Cooled HID Grow Lamp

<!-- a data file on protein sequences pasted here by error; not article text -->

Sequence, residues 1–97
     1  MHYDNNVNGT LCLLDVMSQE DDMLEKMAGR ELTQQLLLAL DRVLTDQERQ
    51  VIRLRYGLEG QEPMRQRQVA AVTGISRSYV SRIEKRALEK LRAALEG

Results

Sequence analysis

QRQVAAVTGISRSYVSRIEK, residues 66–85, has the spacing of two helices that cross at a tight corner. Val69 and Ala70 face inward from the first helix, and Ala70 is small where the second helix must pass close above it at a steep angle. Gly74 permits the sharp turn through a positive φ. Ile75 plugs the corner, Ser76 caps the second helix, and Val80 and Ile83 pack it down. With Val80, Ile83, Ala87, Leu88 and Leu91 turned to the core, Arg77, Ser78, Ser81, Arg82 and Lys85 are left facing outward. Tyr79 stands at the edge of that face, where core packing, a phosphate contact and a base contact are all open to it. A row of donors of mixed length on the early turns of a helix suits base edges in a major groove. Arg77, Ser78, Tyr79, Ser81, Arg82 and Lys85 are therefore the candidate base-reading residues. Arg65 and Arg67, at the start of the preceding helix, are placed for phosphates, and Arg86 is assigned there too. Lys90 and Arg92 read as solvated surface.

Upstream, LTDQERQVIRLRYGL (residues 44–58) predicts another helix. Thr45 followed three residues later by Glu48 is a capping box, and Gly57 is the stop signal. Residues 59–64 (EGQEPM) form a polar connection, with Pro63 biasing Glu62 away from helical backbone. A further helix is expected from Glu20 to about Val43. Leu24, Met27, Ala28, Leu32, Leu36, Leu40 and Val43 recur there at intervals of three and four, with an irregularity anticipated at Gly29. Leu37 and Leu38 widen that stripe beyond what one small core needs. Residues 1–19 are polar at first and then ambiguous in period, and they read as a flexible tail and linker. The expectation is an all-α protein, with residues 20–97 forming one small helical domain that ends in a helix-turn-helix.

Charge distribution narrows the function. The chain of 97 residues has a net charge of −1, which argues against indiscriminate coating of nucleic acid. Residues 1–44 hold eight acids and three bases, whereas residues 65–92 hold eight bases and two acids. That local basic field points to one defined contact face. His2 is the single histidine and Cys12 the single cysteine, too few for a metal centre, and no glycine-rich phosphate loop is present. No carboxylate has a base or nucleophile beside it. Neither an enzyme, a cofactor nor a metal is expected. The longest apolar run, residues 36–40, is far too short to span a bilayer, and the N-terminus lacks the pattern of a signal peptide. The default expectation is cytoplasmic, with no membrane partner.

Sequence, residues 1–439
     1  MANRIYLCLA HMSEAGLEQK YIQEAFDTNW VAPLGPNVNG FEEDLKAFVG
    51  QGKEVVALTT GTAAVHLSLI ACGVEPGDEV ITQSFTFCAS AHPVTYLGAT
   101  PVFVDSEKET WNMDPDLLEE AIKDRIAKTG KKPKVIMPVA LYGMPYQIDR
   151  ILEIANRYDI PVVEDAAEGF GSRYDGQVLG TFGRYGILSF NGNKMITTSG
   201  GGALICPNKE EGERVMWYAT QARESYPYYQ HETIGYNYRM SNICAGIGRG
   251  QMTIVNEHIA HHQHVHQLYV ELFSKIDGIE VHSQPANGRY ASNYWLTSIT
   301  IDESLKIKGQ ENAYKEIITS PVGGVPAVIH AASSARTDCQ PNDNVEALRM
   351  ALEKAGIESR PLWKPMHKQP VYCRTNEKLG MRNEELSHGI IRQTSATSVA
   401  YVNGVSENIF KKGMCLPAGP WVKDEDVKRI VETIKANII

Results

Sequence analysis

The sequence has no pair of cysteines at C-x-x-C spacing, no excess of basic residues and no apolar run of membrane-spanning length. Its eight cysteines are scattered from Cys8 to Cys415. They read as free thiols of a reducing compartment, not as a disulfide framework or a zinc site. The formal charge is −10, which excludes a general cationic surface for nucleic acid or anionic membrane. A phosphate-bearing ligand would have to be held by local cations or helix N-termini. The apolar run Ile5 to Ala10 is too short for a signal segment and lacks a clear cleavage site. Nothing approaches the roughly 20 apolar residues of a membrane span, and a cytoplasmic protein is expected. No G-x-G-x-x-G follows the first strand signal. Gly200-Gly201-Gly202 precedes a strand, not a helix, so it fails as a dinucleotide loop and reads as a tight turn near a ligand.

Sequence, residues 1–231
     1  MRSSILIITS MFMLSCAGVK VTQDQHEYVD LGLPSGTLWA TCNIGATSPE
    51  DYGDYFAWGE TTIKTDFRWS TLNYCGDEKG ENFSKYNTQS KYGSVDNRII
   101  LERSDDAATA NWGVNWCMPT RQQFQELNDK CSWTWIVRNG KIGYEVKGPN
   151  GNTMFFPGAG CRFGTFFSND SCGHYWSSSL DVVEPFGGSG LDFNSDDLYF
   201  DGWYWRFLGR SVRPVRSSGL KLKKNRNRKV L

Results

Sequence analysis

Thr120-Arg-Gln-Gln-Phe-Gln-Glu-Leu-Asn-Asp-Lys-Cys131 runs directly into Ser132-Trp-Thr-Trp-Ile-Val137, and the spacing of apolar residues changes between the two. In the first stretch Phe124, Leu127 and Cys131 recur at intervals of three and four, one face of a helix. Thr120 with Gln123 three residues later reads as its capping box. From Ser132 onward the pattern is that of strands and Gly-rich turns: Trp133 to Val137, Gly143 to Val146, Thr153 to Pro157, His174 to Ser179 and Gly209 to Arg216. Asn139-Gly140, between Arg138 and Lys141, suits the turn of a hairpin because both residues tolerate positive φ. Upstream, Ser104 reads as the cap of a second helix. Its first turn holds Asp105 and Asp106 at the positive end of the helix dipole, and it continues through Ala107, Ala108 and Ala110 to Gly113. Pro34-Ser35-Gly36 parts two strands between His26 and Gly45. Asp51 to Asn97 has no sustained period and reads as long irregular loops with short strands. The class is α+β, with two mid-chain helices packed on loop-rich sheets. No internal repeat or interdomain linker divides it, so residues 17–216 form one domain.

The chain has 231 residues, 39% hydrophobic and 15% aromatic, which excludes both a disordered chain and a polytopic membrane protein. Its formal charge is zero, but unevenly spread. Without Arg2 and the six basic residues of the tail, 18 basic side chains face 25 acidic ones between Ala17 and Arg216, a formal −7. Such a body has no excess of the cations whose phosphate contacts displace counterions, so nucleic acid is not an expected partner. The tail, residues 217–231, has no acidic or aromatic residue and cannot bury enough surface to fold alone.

byHydroponic growing gives home hobbyists great flexibility in designing their indoor gardens. Through clever design, a gardener can convert everyday household items into useful hydroponic equipment, at a fraction of the cost of commercially pre fabricated products. These can be HPS or MH, both types of bulbs are very similar for hydroponic growing applications. Used lights will work just as well as new or you could check the prices at one of the many online light distributors. This project can be scaled up to accomodate bulbs of any size just by following the same steps with a larger cabinet and glass piece for the heat cheap jerseys shield. Because most of the parts used for this conversion are common household items, the additional cost for a larger box is minimal. Make sure you keep any brackets, screws, washers, etc., as you may need them later. For the box, I used an old dresser drawer, but any solid, heat resistant box will do (not plastic or Rubbermaid, it will melt from the light’s heat). You’ll need a piece of glass for the heat shield. It can be as small as a square foot, just so long as it covers the area where you will mount your bulbs. Mark the area needed to hold the glass heat shield in place and cut the drawer down until it fits. Use the wood from the unneeded drawer length to make up the sides of your box, or use other scrap wood until you have a nice tight fit. Most dresser drawers have a groove where they fit into the dresser’s frame. Hopefully, you will be able to find something that will fit where you want to mount your new garden grow lights. If there are no suitable brackets or mount pieces, you should be able to find something usable at the local hardware store. Plasting ducting works very well for this purpose because it is flexible and can be stuffed through oval holes when desired. This allows you to cut a smaller hole in the sides of your light box while getting better airflow over your bulbs by using a wide, flat oval hole for ventilation. This box uses a 4″ hose, with an oval hole about 5 inches wide and only a little over 2 inches high. Even better would be to include a cheap metal reflector, bent around the inside of your box so it creates a nice tight fit. Now it’s finally time to mount the grow bulbs inside the box. Make sure you mount them where the hot bulbs will not be touching the sides or any brackets, screws, etc. You can use almost any type of fan for ventilation. Old fan type heaters, blowers, and computer fans are common household items that usually work well in hydroponic gardens. If you don’t have any of these laying around, computer fans are usually the cheapest option. You may have to snip wires or extend them in order to make everything fit, depending on your design. Whatever you do, be sure to use the right kind of wire and splice ends properly. Wire is cheap, don’t be tempted to skimp on this part and create an electrical hazard in your house. Drill a hole to pull the wires through, nail or screw the back on, and your box is complete. It is expected to give off between 4,500 and 5,000 lumens, with almost no heat buildup. Not too bad for under a hundred bucks.

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